If only I spent the same amount of time, energy, and effort in my own life, to present myself spotless to God!

"So then, dear friends, since you are looking forward to this, make every effort to be found spotless, blameless, and at peace with him." 2 Peter 3:14

The minute I read this verse earlier today, I felt convicted. Make every effort to be found spotless. Every effort. To state the obvious, this is not a call to check in once a day and see how well our fight with sin has been. This is a call to do everything we possibly can in order to be without sin and at peace with God.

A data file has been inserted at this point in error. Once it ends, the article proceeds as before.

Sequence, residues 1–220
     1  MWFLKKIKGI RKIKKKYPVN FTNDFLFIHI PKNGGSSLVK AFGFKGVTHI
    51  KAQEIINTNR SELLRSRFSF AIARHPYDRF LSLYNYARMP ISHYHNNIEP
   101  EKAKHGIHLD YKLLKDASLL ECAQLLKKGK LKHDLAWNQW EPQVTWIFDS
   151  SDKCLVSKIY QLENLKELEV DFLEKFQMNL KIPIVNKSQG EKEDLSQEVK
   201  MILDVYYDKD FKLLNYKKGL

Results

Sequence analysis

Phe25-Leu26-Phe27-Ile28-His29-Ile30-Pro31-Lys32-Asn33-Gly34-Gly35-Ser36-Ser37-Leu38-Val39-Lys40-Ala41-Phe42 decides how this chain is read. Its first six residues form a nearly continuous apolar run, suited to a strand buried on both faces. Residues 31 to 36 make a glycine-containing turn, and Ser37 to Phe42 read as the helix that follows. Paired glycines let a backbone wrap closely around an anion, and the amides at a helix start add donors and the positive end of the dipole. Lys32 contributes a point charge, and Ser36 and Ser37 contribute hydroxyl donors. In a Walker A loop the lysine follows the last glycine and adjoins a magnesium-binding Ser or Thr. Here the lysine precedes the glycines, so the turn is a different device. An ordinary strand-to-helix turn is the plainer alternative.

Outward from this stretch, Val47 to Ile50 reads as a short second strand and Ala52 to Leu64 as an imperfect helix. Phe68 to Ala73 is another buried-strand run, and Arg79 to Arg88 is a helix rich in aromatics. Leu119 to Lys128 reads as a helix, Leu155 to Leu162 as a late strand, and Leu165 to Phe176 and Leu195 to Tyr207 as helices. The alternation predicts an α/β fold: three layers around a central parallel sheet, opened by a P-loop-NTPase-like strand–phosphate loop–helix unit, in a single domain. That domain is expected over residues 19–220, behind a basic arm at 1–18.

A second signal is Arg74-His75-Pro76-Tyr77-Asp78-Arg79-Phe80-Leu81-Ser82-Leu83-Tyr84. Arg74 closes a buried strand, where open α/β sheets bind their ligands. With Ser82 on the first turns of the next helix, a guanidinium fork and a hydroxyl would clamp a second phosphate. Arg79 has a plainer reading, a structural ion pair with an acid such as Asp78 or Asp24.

My own life seems wrought with sin at times. Probably because it is. I am a hypocrite. Of course, I'm not alone in this, as we all are hypocritical to some extent, but sometimes it seems to be exponentially worse in my own life. I proclaim that I care about people and want to see the end of injustice, inequality, poverty, and violence in this world, but I never actually take any steps to see that happen, besides signing the occasional online petition or sharing a link on Facebook to alert everyone of how much I care. I tell people that we are saved through our faith in Jesus and his death on the cross, but I struggle to shake the performance mentality that prevents me from fully grasping the grace that God has freely given to me. I would say in a heartbeat that I desire to tell people about the gospel so that they can experience the joy of a relationship with God, but I often cower in fear of what others will think about me, shying away from what I have come to believe is the only source of truth and life.